Fayette County Clinic:
Washington CH, Ohio

Phone 740-335-6935
Crisis 740-335-7155

Floyd Simantel Clinic:
Chillicothe, Ohio

Phone 740-775-1270
Crisis 740-773-4357

Highland County Clinic:
Hillsboro, Ohio

Phone 937-393-9946
Crisis 937-393-9904

Lynn Goff Clinic:
Greenfield, Ohio

Phone 937-981-7701
Crisis 937-393-9904

Martha Cottrill Clinic:
Chillicothe, Ohio

Phone 740-775-1260
Crisis 740-773-4357

Pickaway County Clinic:
Circleville, Ohio

Phone 740-474-8874
Crisis 740-477-2579

Pike County Clinic:
Waverly, Ohio

Phone 740-947-7783
Crisis 740-947-2147

 

 


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E. Coli-Tainted Romaine Lettuce Threatens the Frail, Sick Most

HealthDay News
by -- E.J. Mundell
Updated: Nov 21st 2018

new article illustration

WEDNESDAY, Nov. 21, 2018 (HealthDay News) -- U.S. health officials have warned all Americans to stay away from romaine lettuce this holiday season, due to potential contamination with E. coli.

So far, 32 people across 11 states have been sickened. Although no one has died, illnesses have been so severe that in 13 cases patients had to be hospitalized, the U.S. Centers for Disease Control and Prevention said Tuesday.

So who's most at risk from E. coli?

Dr. Robert Glatter is an emergency physician at Lenox Hill Hospital in New York City who's seen the effects of infection with the gastrointestinal bug firsthand. It's not a minor ailment, he said.

"In general, symptoms of E. coli infection generally begin about three to four days after consuming the bacteria, and may include abdominal cramping, nausea, vomiting, and watery or bloody diarrhea, along with fever," Glatter said.

And while healthy people who battle a bout of E. coli typically recover within five to seven days, the illness can be more protracted -- and even deadly -- for people already made vulnerable by chronic disease or advanced age.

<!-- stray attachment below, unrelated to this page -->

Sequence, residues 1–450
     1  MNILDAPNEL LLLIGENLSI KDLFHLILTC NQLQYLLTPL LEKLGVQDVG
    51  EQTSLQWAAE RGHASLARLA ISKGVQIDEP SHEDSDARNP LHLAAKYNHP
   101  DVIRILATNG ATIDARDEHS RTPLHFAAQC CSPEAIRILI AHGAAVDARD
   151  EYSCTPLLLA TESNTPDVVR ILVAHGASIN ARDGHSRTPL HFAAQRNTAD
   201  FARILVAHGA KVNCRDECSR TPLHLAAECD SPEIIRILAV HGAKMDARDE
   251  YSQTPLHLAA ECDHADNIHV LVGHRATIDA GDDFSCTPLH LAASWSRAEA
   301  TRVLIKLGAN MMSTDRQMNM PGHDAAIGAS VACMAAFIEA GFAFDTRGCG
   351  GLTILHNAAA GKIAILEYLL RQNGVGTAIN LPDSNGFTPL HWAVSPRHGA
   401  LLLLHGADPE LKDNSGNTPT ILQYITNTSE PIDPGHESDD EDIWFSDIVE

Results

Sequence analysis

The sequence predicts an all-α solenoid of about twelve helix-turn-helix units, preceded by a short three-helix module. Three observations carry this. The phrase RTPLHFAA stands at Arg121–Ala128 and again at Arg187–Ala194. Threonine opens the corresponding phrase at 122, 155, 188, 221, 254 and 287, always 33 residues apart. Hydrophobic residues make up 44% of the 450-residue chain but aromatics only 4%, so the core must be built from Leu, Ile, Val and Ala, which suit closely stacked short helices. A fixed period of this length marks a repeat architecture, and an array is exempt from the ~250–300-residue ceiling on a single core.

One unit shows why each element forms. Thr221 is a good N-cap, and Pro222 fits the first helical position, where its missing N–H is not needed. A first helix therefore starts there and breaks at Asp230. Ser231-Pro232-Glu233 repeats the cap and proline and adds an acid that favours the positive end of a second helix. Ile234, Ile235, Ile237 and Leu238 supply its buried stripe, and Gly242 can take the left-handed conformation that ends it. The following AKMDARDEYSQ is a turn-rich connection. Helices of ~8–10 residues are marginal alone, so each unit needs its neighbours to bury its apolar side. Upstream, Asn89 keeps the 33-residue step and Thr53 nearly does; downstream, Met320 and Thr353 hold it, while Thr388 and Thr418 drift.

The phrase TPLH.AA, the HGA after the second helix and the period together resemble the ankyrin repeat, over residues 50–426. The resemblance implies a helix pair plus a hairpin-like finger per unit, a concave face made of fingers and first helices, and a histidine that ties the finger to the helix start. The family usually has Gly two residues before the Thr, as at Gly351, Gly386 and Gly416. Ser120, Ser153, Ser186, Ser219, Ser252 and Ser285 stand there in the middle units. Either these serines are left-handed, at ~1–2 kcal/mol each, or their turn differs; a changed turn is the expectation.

"People with diabetes, kidney disease or those with cancer or autoimmune disease run the risk of a more severe illness," Glatter explained.

The particular strain of E. coli detected in the current lettuce outbreak -- E. coli O157:H7 -- is particularly nasty, he noted.

"Most strains of E. coli do not actually cause diarrhea, but E. coli O157 produces a powerful toxin that injures the inner lining of the small intestine, leading to bloody diarrhea," Glatter said. Even a tiny amount of ingested bacteria could spur this type of illness.

"It can make people much more ill, and may lead to hemolytic uremic syndrome, a type of kidney failure, in some cases," he said.

Indeed, the CDC has reported one such case already in the latest outbreak.

In many cases, antibiotics are used to help beat back an E. coli infection, but these drugs can affect the kidneys, Glatter noted.

"Antibiotics may be necessary in certain cases, so it's important to see your doctor if you have continued and severe symptoms such as fever, bloody diarrhea, and you are not able to eat or drink," he said.

However, in the case of E. coli O157:H7, "taking antibiotics may actually increase your risk of developing kidney failure, so it's important to speak with your health care provider if you should develop severe symptoms," Glatter advised.

And if you do think you might be sick with E. coli, or any other foodborne illness, make sure you don't spread it to those near you.

The bacterium "can be transmitted person-to-person, so it's vital that anyone who is potentially infected wash their hands thoroughly and not share utensils, cups or glasses," Glatter said. "This also goes for bath towels. Linens also need to be washed in hot water and treated with bleach."

He noted that "ground beef, unpasteurized milk, fresh produce, and contaminated water are common sources of E. coli bacteria."

As for the current outbreak, cases have so far been reported in California (10 cases), Connecticut (1 case), Illinois (2 cases), Massachusetts (2 cases), Maryland (1 case), Michigan (7 cases), New Hampshire (2 cases), New Jersey (3 cases), New York (2 cases), Ohio (1 case) and Wisconsin (1 case).

The U.S. Food and Drug Administration noted that romaine lettuce typically has a shelf life of about 21 days, so contaminated produce could still be on store shelves or in people's refrigerators. For that reason, "consumers throughout the U.S. should not eat romaine lettuce until further notice," the agency advised.

The exact source of the outbreak remains unclear, but tests are being done on romaine lettuce throughout the U.S. market.

"The quick and aggressive steps we're taking today are aimed at making sure we get ahead of this emerging outbreak, to reduce risk to consumers, and to help people protect themselves and their families from this foodborne illness outbreak," FDA Commissioner Dr. Scott Gottlieb said in an agency news release on Tuesday. "This is especially important ahead of the Thanksgiving holiday, when people will be sitting down for family meals."

More information

Find out more about E. coli illness at the U.S. Centers for Disease Control and Prevention.